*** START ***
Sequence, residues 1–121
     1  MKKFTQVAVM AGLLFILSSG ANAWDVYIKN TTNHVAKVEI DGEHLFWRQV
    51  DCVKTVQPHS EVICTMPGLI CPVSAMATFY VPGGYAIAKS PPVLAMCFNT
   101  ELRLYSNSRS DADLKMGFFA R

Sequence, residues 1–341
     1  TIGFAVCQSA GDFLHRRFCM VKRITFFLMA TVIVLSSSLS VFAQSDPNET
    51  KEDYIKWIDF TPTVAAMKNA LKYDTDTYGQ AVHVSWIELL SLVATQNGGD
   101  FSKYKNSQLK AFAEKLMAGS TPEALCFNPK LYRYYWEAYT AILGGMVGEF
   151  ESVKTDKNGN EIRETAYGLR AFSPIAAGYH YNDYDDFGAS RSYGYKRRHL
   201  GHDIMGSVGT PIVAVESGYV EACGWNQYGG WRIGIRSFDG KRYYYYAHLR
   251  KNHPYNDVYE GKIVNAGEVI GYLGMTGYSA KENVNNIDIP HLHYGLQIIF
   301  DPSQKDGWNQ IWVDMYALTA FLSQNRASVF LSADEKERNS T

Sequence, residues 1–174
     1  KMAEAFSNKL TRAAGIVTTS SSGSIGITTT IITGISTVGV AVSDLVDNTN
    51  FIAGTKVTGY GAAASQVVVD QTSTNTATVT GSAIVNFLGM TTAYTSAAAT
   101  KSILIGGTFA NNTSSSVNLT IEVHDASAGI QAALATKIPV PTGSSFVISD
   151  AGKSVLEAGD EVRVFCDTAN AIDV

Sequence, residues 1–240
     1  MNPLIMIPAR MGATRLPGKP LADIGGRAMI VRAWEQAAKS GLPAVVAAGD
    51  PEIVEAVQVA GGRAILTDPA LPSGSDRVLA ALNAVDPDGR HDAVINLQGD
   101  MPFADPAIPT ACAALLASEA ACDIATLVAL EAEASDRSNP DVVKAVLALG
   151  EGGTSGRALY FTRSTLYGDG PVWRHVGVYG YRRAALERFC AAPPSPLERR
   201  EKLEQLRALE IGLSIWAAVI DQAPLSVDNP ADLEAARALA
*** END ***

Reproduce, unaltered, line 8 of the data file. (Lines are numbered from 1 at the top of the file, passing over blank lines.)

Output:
   101  FSKYKNSQLK AFAEKLMAGS TPEALCFNPK LYRYYWEAYT AILGGMVGEF